If you want an encrypted "folder" that only you have access to, you can use TrueCrypt to create an encrypted "volume" on your harddrive. Basically, it appears as its own drive once you've entered the password, and you can move files into or out of it, then disable it when not in use. You could send someone a truecrypt volume too, but they'd need to have the software on their PC.

If you want to send someone a self-extracting protected folder, you can use the previously mentioned examples of using a ZIP archiver like Winzip or 7-Zip to create an encrypted, self-extracting archive.

#26 and #27 are correct that most security experts agree that open-source encryption is the best way to ensure the security of the encryption scheme. A solidly built encryption scheme should be difficult to crack even if the source code is known, and some of the strongest encryption schemes are open ones.


While it's true that "nothing is impossible," the better encryption schemes, coupled with with a strong password, require so much computing power for brute-force decryption that at the moment they are for all practical purposes impossible to crack. Most successful "cracks" are caused by the weak passwords users choose.

BTW, Windows has file encryption built-in:

Reply   |   Comment by Jay G.  –  14 years ago  –  Did you find this comment useful? yes | no (+8)

Everytime it starts, it's halfway off the screen, and when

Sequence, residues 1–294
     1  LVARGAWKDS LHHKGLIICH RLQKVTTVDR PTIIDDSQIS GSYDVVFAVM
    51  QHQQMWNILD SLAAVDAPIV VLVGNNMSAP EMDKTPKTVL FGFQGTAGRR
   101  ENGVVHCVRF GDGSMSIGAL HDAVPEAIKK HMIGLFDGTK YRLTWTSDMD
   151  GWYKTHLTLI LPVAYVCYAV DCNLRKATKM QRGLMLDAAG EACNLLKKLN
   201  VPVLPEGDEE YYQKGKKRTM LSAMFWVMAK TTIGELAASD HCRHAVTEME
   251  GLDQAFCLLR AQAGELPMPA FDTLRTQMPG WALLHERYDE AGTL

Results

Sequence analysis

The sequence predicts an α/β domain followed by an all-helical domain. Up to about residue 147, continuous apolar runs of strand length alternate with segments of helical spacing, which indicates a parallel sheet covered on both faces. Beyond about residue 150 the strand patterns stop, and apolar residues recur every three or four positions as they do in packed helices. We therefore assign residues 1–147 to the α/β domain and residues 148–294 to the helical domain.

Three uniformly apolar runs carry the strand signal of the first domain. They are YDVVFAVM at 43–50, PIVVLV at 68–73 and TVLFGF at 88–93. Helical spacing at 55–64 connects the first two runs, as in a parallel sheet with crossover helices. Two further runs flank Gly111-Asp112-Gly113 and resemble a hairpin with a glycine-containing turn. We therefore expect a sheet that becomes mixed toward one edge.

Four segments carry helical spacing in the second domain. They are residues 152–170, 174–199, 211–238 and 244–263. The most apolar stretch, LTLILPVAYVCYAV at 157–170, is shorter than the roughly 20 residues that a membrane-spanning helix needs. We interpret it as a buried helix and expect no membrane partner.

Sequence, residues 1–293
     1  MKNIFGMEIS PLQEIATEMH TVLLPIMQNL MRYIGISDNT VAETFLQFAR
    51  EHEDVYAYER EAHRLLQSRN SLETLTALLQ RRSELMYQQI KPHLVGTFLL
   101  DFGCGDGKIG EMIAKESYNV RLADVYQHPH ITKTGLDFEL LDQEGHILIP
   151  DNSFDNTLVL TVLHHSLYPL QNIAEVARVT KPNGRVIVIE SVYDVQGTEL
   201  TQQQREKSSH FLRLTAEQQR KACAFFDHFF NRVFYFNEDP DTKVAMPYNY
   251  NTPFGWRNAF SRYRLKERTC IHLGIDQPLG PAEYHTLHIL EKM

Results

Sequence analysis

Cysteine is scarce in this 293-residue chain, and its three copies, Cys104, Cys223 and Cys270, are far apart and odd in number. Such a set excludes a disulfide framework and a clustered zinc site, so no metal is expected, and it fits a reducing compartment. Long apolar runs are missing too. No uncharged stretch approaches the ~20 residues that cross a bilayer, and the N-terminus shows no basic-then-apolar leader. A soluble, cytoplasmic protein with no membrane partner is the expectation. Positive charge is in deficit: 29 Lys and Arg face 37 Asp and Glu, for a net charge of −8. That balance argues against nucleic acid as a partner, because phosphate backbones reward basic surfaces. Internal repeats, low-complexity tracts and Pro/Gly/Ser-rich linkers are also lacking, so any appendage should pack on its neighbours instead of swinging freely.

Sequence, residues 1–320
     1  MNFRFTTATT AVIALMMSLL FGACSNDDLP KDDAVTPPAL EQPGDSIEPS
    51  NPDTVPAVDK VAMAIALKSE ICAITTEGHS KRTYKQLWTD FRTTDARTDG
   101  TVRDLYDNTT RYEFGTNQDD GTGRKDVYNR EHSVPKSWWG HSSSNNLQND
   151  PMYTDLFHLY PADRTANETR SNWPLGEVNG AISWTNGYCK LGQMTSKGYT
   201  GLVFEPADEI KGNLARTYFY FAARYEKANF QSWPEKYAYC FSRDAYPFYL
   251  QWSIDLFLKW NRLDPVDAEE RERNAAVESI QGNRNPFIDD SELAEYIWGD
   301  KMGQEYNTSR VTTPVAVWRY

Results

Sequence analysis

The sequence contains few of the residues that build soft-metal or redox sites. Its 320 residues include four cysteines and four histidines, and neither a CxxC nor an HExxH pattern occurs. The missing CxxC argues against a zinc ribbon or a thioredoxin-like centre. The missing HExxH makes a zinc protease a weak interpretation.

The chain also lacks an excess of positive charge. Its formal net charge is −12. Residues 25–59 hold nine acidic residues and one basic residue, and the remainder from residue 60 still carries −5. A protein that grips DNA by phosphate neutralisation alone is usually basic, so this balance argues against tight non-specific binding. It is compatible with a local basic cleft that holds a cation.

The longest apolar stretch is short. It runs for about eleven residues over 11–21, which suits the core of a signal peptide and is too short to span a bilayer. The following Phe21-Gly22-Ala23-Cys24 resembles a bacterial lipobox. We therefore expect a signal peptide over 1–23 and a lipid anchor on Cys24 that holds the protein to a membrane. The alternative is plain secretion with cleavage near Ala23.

moved to the center and closed, it restarts off the screen.

Reply   |   Comment by hermon  –  14 years ago  –  Did you find this comment useful? yes | no (-3)

#20: "Another drawback ... you wont be able to email your encrypted file as most web-based emails ie yahoo and hotmail wont send .exe files."

Actually it works quite well if you simply rename the file's extension to .zip. This *may* even increase security as it'll appear just a bad/corrupted file to anyone not knowing any better -- double clicking it will just bring up the associated unzipping program, until it's renamed again.

* * *

#28: "Nowadays, hackers are so advanced that they can hack anything they strive to."

The basis for using encryption is two fold -- 1) it's hard enough to break that honest people stay honest, & 2) breaking good encryption takes so long, &/or so many resources, that it simply isn't worth the hassle.

Reply   |   Comment by mike  –  14 years ago  –  Did you find this comment useful? yes | no (+6)

After looking at FileDefender a bit, I really think I'd recommend 7-zip to people looking for this capability. Understanding the concept of "compressed archive containing a file" is something most people can wrap their little grey cells around, and the jump from there to "compressed and encrypted archive containing a file" is pretty easy.

Besides, I used both FD and 7z on a 50MB text file. The resulting encrypted file with FD was 51MB, while the resulting file with 7z was about 3MB. 7-zip uses the AES encryption method, which is probably the encryption software that has had the most expert scrutiny of any of the very good encryption algorithms.

The resulting file, which is self-executable only on Windows computers, can still be extracted using the 7-zip version for other platforms.

Reply   |   Comment by Terry  –  14 years ago  –  Did you find this comment useful? yes | no (+7)